The UK’s Man Booker Prize for Fiction Observes Its 50th Anniversary in 2018

In News by Porter Anderson

Ahead of special events for the Man Booker Prize for Fiction’s half-century anniversary, the foundation releases a desk diary with covers of its winning titles through the decades.

From the first 50 years of the Man Booker Prize for Fiction: Hilary Mantel is the first woman to have won the prize twice (in 2009 and 2012). Image: Provided by the Booker Prize Foundation, Janie Airey

By Porter Anderson, Editor-in-Chief | @Porter_Anderson

‘The Right Book Can Be a Liberator’

To celebrate its 50th anniversary in 2018, the Man Booker Prize for Fiction has announced a number of events and projects aimed at looking back on a half-century of prize-winning books, and forward to the next generation of fiction writers.

Among its activities in 2018 is a “Fiction at Its Finest” literary festival set for July 6 to 8 at London’s Southbank Centre, as well as The Man Booker Prize Diary 2018 (Third Millennium Publishing) featuring the covers of all 51 titles that have won the Man Booker Prize for Fiction.

The book retails for £12.99 (US$17.38) and includes a foreword by Helena Kennedy, chair of the Booker Prize Foundation. It’s arrival, and that of the anniversary focus events to come, may be seen as good timing by some in the UK who are concerned by the new report from Arts Council England about the state of literary fiction in that marketplace.

The Man Booker was created in 1968 as a prize honoring Commonwealth literature. Not without controversy, the prize rules were changed—or “evolved,” in Booker terminology—in late 2013 to include writers outside the UK and the Commonwealth.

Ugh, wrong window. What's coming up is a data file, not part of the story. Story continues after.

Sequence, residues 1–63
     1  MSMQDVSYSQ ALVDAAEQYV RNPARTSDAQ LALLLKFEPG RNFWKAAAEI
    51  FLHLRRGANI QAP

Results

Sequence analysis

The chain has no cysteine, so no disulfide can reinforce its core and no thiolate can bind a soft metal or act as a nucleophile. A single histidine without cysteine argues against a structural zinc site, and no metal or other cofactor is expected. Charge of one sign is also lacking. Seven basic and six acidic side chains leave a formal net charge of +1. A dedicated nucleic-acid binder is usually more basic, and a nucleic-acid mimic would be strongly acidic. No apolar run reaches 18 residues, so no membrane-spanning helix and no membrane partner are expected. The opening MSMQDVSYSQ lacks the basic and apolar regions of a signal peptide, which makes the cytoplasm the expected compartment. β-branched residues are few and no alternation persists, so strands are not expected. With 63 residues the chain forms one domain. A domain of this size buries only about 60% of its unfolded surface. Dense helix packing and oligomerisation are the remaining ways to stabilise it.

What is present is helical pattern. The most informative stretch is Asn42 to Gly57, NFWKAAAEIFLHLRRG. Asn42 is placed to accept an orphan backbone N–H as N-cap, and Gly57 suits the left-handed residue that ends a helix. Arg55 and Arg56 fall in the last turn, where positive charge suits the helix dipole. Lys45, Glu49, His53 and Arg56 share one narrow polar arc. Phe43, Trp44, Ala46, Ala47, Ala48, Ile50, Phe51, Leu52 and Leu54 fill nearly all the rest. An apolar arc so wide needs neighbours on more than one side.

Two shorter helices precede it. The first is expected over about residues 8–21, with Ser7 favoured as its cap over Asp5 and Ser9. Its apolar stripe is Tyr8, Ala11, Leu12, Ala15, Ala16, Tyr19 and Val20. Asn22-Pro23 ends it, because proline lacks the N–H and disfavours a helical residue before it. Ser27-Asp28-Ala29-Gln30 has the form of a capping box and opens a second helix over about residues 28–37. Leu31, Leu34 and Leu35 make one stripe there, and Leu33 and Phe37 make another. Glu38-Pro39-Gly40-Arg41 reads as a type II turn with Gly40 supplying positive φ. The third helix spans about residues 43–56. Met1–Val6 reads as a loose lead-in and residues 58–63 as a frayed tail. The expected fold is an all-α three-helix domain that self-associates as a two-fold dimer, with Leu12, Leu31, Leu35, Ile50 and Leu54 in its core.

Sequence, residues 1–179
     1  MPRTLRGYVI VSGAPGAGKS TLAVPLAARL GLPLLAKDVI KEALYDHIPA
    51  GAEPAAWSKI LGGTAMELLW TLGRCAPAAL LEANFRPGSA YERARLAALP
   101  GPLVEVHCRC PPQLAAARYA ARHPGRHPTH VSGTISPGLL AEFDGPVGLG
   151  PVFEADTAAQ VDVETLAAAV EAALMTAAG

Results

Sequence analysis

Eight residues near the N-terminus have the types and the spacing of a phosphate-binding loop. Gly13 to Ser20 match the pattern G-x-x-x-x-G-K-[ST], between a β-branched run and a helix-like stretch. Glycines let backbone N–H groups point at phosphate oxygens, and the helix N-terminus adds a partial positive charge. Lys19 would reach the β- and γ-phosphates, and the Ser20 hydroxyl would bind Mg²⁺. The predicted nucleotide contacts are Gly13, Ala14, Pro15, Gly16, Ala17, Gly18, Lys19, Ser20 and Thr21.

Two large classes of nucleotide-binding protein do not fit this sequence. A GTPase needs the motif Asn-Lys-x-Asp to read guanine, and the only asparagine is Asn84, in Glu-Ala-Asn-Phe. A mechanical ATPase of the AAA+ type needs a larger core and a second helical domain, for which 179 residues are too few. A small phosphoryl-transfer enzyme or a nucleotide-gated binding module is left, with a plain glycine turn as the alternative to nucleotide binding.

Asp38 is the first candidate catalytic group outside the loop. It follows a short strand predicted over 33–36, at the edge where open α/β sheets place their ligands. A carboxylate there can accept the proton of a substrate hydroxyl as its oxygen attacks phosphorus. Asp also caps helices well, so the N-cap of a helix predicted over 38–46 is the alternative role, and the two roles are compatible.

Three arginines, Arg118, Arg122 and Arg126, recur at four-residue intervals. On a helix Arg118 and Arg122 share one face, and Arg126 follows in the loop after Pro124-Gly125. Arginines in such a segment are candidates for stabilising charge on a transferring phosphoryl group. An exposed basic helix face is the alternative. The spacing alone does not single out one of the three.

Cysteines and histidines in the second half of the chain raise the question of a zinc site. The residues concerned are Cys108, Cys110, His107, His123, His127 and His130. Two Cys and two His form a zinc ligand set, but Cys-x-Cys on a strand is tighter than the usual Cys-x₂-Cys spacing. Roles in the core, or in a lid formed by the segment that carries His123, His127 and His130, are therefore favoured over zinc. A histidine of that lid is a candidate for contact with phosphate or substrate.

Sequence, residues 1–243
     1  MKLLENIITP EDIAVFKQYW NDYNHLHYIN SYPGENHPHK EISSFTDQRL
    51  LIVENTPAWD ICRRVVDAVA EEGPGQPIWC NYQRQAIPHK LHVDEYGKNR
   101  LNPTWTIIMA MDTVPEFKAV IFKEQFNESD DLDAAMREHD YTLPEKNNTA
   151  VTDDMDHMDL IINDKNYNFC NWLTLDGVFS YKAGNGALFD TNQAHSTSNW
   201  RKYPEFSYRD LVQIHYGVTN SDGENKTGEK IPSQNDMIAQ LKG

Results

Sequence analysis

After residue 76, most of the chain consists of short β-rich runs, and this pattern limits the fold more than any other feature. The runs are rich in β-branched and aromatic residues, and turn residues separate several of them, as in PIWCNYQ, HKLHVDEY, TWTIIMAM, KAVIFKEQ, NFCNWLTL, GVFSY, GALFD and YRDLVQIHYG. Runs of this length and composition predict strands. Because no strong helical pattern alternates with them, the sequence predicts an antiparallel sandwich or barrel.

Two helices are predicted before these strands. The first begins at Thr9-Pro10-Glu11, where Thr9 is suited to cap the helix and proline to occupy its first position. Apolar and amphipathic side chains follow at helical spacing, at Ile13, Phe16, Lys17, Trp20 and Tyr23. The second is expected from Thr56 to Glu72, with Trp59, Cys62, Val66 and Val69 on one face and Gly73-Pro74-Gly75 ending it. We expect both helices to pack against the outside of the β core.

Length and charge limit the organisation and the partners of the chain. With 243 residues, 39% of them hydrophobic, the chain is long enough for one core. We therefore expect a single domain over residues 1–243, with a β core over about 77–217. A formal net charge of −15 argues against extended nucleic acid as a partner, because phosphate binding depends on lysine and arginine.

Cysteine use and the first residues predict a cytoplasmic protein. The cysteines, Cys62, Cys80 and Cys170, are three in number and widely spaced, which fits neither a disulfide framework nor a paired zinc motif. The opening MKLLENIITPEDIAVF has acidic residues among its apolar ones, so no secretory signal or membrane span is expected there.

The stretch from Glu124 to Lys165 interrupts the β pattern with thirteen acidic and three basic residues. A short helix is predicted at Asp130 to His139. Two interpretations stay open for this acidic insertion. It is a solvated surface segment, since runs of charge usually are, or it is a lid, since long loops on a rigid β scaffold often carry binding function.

The first winner was Something To Answer For by PH Newby (Faber) in which it was proposed that “to be a crook a man must assume the society he lived in was honest.”

The most recent winner is George Saunders, now the second American to have won the prize.

PH Newby’s ‘Something To Answer For’ was the first book to win the Booker Prize, 1969

Hashtagging its celebrations #ManBooker50, the Booker Prize Foundation “has teamed up with literary festivals across the world” according to information released to the media, “for 2018 to bring the celebrations to a global audience.”

While promising more announcements of this kind to come, the company has released this list of Booker author appearances so far:

  • In January, Michael Ondaatje, joint winner of the 1992 prize for The English Patient, will appear at Jaipur Literary Festival
  • Fiona Mozley, shortlisted earlier this year for Elmet, is confirmed to speak at the Hay Festival Cartagena de Indias
  • In April, 2013 winner Eleanor Catton, author of The Luminaries, will appear at the Trinidad and Tobago BOCAS Literary Festival
  • In the summer, Margaret Atwood, who won in 2000 for The Blind Assassin will be at Hay-on-Wye

In background notes on the development of the prize, administrators’ press materials say that at the time publishers Tom Maschler and Graham C. Greene approached the company that would become today’s food wholesaler Booker PLC for sponsorship, that Booker already was engaged in books, owning the literary copyright of “authors including Ian Fleming and Agatha Christie.”